Jan Henderson is from Bay Village, Ohio and currently lives in Westlake where she works for the University of Illinois at Urbana-Champaign, Department of Agricultural and Consumer Economics, as a Senior Capacity Development Specialist.
Why did you select your major of agricultural education?
I wanted to combine my love of horticulture and my love for people; majoring in agricultural education was a natural choice. My original intent was to pursue a career in horticulture therapy; I completed my “student teaching” experience at Harding Hospital (a non-profit psychiatric facility in Worthington, Ohio) before returning to campus to fulfill course requirements for my teaching certificate.
Why did you choose to attend The Ohio State University?
Ohio State was far enough away, but not too far from my home town; the university was affordable and had an excellent School of Social Work which was my initial career interest. I had no previous contact with or knowledge of the University or Columbus before enrolling in fall quarter 1970.
How did your education at Ohio State influence your career path?
My bachelor’s and master’s degrees provided me with the foundation and credentials to pursue not only careers in teaching at the secondary and university levels, but also expanded opportunities to work internationally with non-profit organizations.
What classes did you enjoy the most while at Ohio State?
I loved all of my horticulture classes, even the dreaded Plant ID course with Dr. D.C. “Kip” Kiplinger. However, as the only female (and usually the only non-farm student) in my undergraduate agricultural education and ag science classes I did not always feel welcomed. What a wonderful change has occurred as more women have enrolled in the department and have joined the faculty.
Did a faculty member have a particular impact on your education and/or career?
Dr. Leon Boucher provided much needed reassurance and support during my first year of teaching. I was substituting for a teacher who had suffered a heart attack and those initial visits from Dr. Boucher kept me focused, encouraged, and determined not to give up; he was my biggest cheerleader. As I began teaching I was at somewhat of a disadvantage by not having taken vocational agriculture in high school and being unfamiliar with the FFA. John Davis and Odell Miller, from the State Department of Education, became my patient “teachers” spending many hours gladly answering my questions during our times together at FFA Camp.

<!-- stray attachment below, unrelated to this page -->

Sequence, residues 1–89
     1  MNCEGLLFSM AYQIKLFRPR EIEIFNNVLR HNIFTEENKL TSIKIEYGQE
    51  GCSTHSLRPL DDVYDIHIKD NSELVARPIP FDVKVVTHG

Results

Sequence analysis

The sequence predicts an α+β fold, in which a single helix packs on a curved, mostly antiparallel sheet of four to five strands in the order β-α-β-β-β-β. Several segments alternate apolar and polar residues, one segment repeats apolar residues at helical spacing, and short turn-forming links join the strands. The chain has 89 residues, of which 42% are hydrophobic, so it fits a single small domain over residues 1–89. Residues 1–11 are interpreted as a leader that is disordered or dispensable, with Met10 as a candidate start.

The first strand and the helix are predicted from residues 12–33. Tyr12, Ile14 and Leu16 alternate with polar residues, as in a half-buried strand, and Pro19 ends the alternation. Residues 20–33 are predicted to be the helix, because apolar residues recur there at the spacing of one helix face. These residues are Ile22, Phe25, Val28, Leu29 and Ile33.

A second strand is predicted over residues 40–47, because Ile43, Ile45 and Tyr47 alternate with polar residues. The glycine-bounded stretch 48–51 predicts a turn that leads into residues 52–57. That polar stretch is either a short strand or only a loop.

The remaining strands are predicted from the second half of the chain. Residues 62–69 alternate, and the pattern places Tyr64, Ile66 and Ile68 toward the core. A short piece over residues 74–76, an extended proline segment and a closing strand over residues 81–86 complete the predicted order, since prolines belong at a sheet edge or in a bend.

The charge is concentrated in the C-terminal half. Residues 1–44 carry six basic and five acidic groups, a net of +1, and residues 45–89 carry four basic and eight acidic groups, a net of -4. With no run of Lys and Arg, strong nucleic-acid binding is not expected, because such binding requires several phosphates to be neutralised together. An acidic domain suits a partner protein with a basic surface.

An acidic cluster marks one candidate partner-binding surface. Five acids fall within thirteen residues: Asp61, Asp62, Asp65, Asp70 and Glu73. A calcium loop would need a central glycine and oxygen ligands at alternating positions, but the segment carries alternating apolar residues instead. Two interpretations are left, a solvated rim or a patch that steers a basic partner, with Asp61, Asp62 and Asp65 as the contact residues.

What is your favorite memory related to your time at Ohio State?
A favorite memory is participating in the Little International Livestock Show when I was a sophomore; for a “city girl” with no farm background handling my Charolais heifer was quite an experience!
What was your first job following your education at Ohio State?
My first job was teaching 11th grade horticulture at Penta County Joint Vocational School in Rossford, Ohio in March 1975.
For what schools, companies and/or organizations have you worked throughout your career and what were your responsibilities in those positions?
Horticulture Instructor at Penta County Joint Vocational School, Tri-Rivers Joint Vocational School, and Upper Valley Joint Vocational School
Graduate Teaching Assistant, Agricultural and Extension Education, Mississippi State University
Visiting Assistant Professor, Agricultural Education, University of Illinois at Urbana-Champaign
Associate Professor, Agricultural Education, The Ohio State University
Planning, Evaluation, and Training Coordinator, Heifer International
Senior Capacity Development Specialist, Department of Agricultural and Consumer Economics, University of Illinois at Urbana-Champaign
During your career, what honors or awards have you been presented?
Outstanding Leadership Award, Association for International Agricultural and Extension Education, 2000
Outstanding Advisor, College of Food, Agricultural, and Environmental Sciences, 1998
Rodney Plimpton Outstanding Teacher Award, College of Food, Agricultural and Environmental Sciences, 1995
Outstanding Young Scholar, University Council for Vocational Education, 1987
Outstanding Young Teacher, Ohio Vocational Agriculture Teachers Association, District 6, 1978
As of today, what is your favorite career highlight?
My favorite career highlights are the times I have spent with students: taking my high school students to FFA Camp and the National FFA Convention; listening to my undergraduate advisees consider their career options; visiting and encouraging our student teachers and first-year teachers; collecting data with my doctoral students in their home countries; and finding ways to make statistics more enjoyable and understandable for my graduate students.
What advice would you give to a current student?
I would encourage students to consider enrolling in a study abroad program. Studying in a foreign country exposes students to different ways of being and knowing, to a better understanding of themselves and other cultures, and to new interests, languages, and lifelong friendships. I understand that not every student can afford to study abroad due to financial, work, or family constraints; therefore I would encourage all students to take advantage of any opportunity to encounter and engage with diverse settings and cultures in the U.S.; diversity is all around us if we open our eyes and hearts.
What did ACEL cultivate in you?
ACEL cultivated a commitment to excellence in teaching, research, and service through the faculty and staff who nurtured and supported my education; who had a genuine interest in my well-being and future. I have strived to emulate these role models during my own career journey.